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Moldova Travel & Holiday Tips


Rich with history and fertile soils that produce abundant vineyards, Moldova is an unjustifiably forgotten tourist destination, as yet untouched by the budget airline brigade. In this land-locked eastern European country, you can wander round vast monasteries, sample the local wines, or trek through ancient forests.

Despite remaining one of the poorest countries in Europe, the people are friendly and welcoming, and the main centres, such as the capital Chisinau, have everything a visitor could need. Chisinau’s cathedrals, monuments and museums survived severe WWII bombings to the city, including the house where Pushkin spent his days in exile penning some of his most famous works.


The Moldovan capital of Chisinau (formerly Kishinev) stands on the banks of the small River Byk. The city was founded around 1470 and the history and life of Moldova through the centuries is best presented in the History and Regional Lore Museum, a beautiful Turkish-style complex. The Fine Arts Museum houses good examples of Russian, West European and Moldovan paintings, sculpture and applied arts. The Pushkin House is the place where the great Russian poet spent his days in exile between 1820-23. The museum is famous as the place where Pushkin began working on his epic poem Eugene Onegin.

There are also two old cemeteries in Chisinau, the Armenian Cemetery and the Jewish Cemetery. The latter is famous as the burial place for the victims of the Chisinau Pogrom in 1903; in the 1960s, the lower part of the cemetery was deliberately razed by the authorities. Owing to massive Jewish emigration from Moldova during the 1980s and the beginning of the 1990s, the state of the cemetery has significantly deteriorated.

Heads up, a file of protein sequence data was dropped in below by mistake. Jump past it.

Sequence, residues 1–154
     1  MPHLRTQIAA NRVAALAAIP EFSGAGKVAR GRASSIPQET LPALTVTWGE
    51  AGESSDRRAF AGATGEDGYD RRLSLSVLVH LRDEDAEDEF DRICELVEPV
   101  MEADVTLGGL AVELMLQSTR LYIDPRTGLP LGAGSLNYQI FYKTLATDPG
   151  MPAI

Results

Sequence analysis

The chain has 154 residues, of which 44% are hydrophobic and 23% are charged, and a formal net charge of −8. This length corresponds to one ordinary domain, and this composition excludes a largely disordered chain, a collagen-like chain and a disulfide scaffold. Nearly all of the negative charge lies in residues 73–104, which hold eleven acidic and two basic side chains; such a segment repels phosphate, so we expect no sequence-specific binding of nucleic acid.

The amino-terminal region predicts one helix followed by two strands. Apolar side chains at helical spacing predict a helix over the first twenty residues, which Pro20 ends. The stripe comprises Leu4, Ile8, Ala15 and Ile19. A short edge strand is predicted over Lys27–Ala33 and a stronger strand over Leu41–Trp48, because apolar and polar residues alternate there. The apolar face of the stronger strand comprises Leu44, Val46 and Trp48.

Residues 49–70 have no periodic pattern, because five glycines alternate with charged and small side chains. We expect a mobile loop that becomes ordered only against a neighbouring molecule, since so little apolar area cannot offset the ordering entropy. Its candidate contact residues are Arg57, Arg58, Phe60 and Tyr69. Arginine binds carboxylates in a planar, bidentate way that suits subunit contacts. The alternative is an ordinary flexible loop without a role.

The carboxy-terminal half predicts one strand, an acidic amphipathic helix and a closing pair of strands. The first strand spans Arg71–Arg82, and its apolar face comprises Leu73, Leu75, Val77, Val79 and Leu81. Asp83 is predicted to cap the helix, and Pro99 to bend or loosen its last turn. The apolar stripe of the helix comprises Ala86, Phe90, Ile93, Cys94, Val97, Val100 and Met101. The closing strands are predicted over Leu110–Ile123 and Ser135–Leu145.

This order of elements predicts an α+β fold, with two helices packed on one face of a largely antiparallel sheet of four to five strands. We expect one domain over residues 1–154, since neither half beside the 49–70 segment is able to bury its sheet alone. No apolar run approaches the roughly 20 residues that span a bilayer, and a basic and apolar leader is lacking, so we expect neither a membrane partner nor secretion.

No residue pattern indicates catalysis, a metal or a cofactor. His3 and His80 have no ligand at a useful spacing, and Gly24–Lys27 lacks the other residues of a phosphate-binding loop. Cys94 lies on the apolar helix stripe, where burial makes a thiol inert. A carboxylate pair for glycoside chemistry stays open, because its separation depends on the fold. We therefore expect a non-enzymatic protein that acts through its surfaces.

The only working synagogue in Chisinau is situated not far from the city centre, on Habad-Liubavici Street. The former Chisinau Choral Synagogue today houses the Chekhov Drama Theatre.

The Monument of Stefan cel Mare (Stefan the Great) is situated at the entrance to the well-tended Pushkin Park. He was Moldova’s Gospodar (ruler) between 1457-1504 during a time of brief independence, thus securing him a special place in Moldova’s history. The monument by the sculptor Plamadeala was unveiled in 1927. In 1990-91, the monument was the focal point of meetings and violent clashes between Moldova’s Nationalists and pro-Soviet supporters. Just outside the park is an impressive building housing the largest cinema, Patria (Fatherland), which was built in 1947 by German POWs.

Picturesque bathing beaches line the man-made Chisinau Lake (formerly Komsomol Lake). Boats can also be hired. There are two parts to the complex: the Exhibition of Achievements and the open-air Green Theatre with a seating capacity of 7,000.

Other Places

Situated 70 km (44 miles) from Chisinau is Tiraspol, founded in 1792 on the then Russian border. It now has a population of 200,000 and is one of the main industrial centres of the country. It is also the capital of the self-proclaimed Republic of Transnistria and travellers are advised to avoid it owing to the unstable political situation.
Benderi (Tighina) is one of the oldest towns in Moldova. Its beautiful 17th-century fortress, as well as the town itself, were seriously damaged during the recent fighting.

Bãlti, 150 km (94 miles) north of the capital is a major industrial centre. The main products from this area are sugar, vegetable oils and fur coats.

Approximately 160 km (100 miles) south of Chisinau is Cahul. The town is famous for its thermal spas and mud treatments and there is a small hotel in the town. There is also a good local theatre. Hirjauca is a renowned spa in the area.

Moldova is a wine-growing country and the vineyards and wine cellars of Mileshti and Krikova-Veki are famous throughout the region.




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